Accidents* Causing Death

Taking a claim* for injury* or accident* causing the death of a loved one / fatal injury claim*

Accidents* or injuries* causing the death of a loved one are often referred to as Fatal Injuries / accident*. Where a loved one has died as a result of accident*, the family may be entitled to compensation. No level of compensation can ever make up for the tragic loss of a loved one however, compensation may go some way of alleviating the financial hardship for those left behind after the death of a family member.

A dependent of the deceased person may bring a fatal injury claim* arising out of the wrongful death.
Under the Civil Liability Act, the definition of a ‘dependent’ person includes a cohabitant who is not married to the deceased but until the date of the deceased’s death had been living with the deceased for a continuous period of not less than three years.
Other dependents obviously include a spouse, parent, grandparent, stepparent, child, grandchild, stepchild, brother, sister, half-brother or half-sister of the deceased. A number of individuals may bring a fatal injuries claim*. However only one claim can be brought and the person who brings the claim* seeking damages arising out of the wrongful death of the deceased brings the action/claim* on behalf of all of the statutory dependents. In order to take such a claim* the consent of all of the statutory dependents is required.

When must a fatal injuries claim* be taken?

You should inform us immediately or as soon as possible after the fatal accident* takes place because the Civil Liability Act requires that a letter of claim* is sent to the Defendant before the expiration of two months from the date of accrual of the cause of action, i.e. the date of the accident or as soon as practical thereafter.
The time limit in order to take a fatal injuries claim* is two years from the date on which the cause of action accrued i.e. two years from the date that the party taking the claim* had the appropriate knowledge.
There are certain exceptions to the time limit in circumstances where the Defendant or wrongdoer is deceased or where the fatal injuries claim* is against an airline operator or maritime vessel.
Types of damages recoverable in fatal injuries claims*
The types of damages recoverable in fatal injuries compensation claims* are determined on the following basis:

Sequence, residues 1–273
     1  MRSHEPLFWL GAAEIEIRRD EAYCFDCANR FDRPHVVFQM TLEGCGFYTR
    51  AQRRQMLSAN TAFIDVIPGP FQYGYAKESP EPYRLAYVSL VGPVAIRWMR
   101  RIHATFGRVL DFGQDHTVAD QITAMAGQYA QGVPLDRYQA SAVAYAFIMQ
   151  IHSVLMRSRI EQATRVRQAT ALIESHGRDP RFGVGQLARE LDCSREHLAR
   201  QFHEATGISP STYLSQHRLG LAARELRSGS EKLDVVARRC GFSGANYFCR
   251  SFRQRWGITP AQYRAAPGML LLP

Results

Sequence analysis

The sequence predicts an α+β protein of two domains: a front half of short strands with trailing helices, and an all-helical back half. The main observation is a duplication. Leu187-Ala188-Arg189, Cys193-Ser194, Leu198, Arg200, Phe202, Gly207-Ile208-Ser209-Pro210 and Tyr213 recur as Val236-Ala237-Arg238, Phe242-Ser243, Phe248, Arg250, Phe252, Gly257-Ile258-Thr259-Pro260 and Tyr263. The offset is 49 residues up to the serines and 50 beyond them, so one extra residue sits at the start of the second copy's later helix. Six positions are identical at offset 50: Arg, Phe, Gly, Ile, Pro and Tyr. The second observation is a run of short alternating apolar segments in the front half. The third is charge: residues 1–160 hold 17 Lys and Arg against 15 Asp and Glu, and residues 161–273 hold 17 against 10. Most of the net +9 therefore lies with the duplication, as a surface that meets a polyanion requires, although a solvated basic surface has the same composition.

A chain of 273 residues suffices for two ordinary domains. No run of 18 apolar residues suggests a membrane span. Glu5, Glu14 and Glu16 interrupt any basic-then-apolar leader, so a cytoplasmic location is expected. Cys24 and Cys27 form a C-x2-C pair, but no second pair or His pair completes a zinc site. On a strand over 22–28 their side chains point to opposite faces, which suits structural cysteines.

Special damages arising from the death to cover funeral expenses and out of pocket expenditure
• Loss of dependency
• Emotional distress

Special Damages

Special damages in the context of fatal injuries claims* will include damages for funeral expenses and if the deceased is a foreign national it would also include the transporting of the body abroad and the air fares applicable.

Loss of Dependency Claim*

This may be brought as stated above in relation to any individual who is dependent upon the deceased for their financial wellbeing. It is generally brought by a husband or wife or an immediate family member.
In recent years in circumstances where parents are not married, it is often brought by a child of the decease by his or her next friend/parent.
Certain factors will be taken into account in determining the loss of dependency claim*. For example the income of the deceased at the time of his or her death and their outgoings will be taken into account in determining the loss of dependency claim*.
The loss of earnings claims* are generally vigorously defended by the defendant’s insurance company and it may be necessary for us to employ an appropriate Actuary in order to present expert evidence before the Court to support the claim* for loss of earnings.
The Court will also consider the children of the deceased and in particular any minor children who were completely dependent upon the deceased. As with every minor child claim*, any funds will be lodged to the Court until the child reaches the age of 18.

Compensation for emotional distress

There is a statutory limit of €35,000 for compensation for emotional distress in the case of fatal injuries claims*. Under the Civil Liability Act and this sum is divided between all of the statutory dependents of the deceased.

Nervous Shock Claims*

In addition, family members who witnessed the accident or the immediate aftermath may be in a position to pursue a separate claim* if they have suffered psychological trauma. This type of claim* is often described as a ‘nervous shock’ or post-traumatic distress disorder (PTSD) claim*.
Fatal injury claims* can be quite complex and our expert legal advice should always be sought.

What Our Customers Say

“From the time I engaged with Paul, his expertise and confidence, he displayed to me, had a life changing effect on the situation. I was able to relax and not worry as he dealt with every situation that came up, and supported me and not just professionally but in ways that helped my fragile mental health at that time.”

Elizabeth

“My personal experience with Mullins & Treacy Solicitors was positive from the very first consultation. They were professional and confidential, attentive and thorough combined with compassion and understanding during a very stressful time. I have no hesitation recommending this company.”

Emma

“I found Paul very helpful and he gave advice freely in laymen’s terms. He put us at ease immediately. All work was carried out in a prompt and efficient manner.”

Anne

To discuss whether you may potentially be able to claim* compensation for you or someone close to you, call Mullins & Treacy today on 051 391488.  Alternatively, complete our “call back request” and we will contact you at a time that is convenient for you.

*In contentious business, a solicitor may not calculate fees or other charges as a percentage or proportion of any award or settlement.*